Smartphones are slowly taking over the world. Almost every person in the world has one of these devices, and the sales are going up every year. Even though that’s great for the electronics economy, it’s not great for the planet we live on.

Manufacturing these devices contributes to loads of carbon emissions, and it’s a stream of waste that most countries don’t know how to deal with. One of the most shocking facts is that at least seven of the main components for making these kinds of devices will be completely used in the next century. Click on this link to read more:

This means that all manufacturers need to find a way to preserve these resources through recycling. The first step to doing this is creating new customer habits as well as novel business structures. All brands will need a strategy to deal with repairing phones, as well as recycling e-waste, which will make an ideal circular economy.

Every year, more than 1 billion new gadgets are bought, and that number is expected to rise. We’re at the turning point of a digital transformation that changed pretty much every area of our lives. This includes agricultural production, finances, and especially the communications sector.

Electronic devices have the ability to improve and enhance our lives without doing so much harm to the environment. Now, we’re going to look at the best way to do it in Toronto, as well as the steps that companies need to take to include recycling and improve sustainability.

Managing waste and emissions

Managing waste and emissions

The biggest issue we face as a species is global warming. It doesn’t seem like something catastrophic because it’s happening gradually. The ozone layer can’t be seen, and we can’t instantly detect the damage that the sun is causing to our skin. Follow this link for more info.

Even an increase of a couple of degrees when it comes to the temperature will be a nightmare for almost every plant and animal species. Most electronics create 90 percent of their carbon emissions throughout the manufacturing process.

When you combine all of these devices in the world, the footprint they’re leaving is significant. Plus, smartphones alone account for more than 10 percent of the waste in the world. In 2019, that equaled to be more than 50 million tons.

Just to make that number clearer, it would be like stacking around 200 000 busses on top of each other in a single place. Additionally, there are loads of precious metals in that mess of circuit boards, transistors, processors, and batteries.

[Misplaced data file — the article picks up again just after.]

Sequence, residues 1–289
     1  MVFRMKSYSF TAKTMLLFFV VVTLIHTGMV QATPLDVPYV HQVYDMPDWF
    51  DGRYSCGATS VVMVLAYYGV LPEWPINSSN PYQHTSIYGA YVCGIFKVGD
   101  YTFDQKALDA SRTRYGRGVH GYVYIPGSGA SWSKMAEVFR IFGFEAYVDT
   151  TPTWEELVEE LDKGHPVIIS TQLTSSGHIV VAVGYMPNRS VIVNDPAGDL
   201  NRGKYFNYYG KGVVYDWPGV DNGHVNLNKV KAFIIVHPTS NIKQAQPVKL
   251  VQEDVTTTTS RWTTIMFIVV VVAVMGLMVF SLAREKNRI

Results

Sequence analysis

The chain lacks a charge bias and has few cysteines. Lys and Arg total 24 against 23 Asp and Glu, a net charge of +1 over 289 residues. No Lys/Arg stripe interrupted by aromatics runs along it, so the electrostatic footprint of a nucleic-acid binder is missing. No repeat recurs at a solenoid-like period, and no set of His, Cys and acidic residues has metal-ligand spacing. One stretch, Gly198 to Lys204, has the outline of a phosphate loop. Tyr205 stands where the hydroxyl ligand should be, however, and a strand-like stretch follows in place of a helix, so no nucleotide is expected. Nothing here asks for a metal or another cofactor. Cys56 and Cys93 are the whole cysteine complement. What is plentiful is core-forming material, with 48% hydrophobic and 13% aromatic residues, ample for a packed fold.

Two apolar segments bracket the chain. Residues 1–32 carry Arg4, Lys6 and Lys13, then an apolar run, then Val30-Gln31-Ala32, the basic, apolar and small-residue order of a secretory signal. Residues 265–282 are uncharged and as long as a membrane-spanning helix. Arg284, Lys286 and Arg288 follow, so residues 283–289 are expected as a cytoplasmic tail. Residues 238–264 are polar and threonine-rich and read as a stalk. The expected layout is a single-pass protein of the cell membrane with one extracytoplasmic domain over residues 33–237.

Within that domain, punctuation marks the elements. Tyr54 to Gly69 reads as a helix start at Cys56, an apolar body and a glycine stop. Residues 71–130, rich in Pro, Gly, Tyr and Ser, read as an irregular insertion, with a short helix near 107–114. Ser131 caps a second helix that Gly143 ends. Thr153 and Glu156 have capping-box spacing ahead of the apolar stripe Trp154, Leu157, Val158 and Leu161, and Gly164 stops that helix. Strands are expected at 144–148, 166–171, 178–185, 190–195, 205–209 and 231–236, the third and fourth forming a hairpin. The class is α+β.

If someone was to extract all of those materials, that would be worth between 50 and 100 million dollars. Out of all of that waste, only 20 percent was recycled. The numbers are alarming, and change is absolutely necessary.

What needs to be done?

The first thing that companies can do is to increase the lifespan of appliances and devices. Most people have had the same phone for two or three years. That’s an average. Let’s say that every person uses the same phone for four years.

Prolonging the lifespans by that amount of all phones will reduce the global carbon footprint by a large amount. Scientists have calculated, and the number of carbon emissions reduced will be the same as Ireland’s yearly emissions.

Even though this seems like a difficult challenge with all of the branding and marketing nowadays, it’s one of the responsibilities of the consumers. Most businesses such as Toronto computer recycling have used the strategy of shortening the lifespan of appliances to boost profits and make their products last a set number of years.

This means that customers are forced to renew and constantly purchase new products. If businesses were to include the option of reusing and repairs as a service, this would create a better environment. Refurbishing facilities will be an amazing addition to companies like Apple, Samsung, and others.

In Europe, countries are starting to adapt to the circular economy and are keen on recycling and managing waste. They’re trying to maintain all materials in a circle, and they’ve made it much more accessible.

The European Union is making a groundbreaking plan to inform customers to repair their electronics and make it transparent about how to cope with faulty equipment and devices. This will shed new light on this sector and become a steppingstone for future success.

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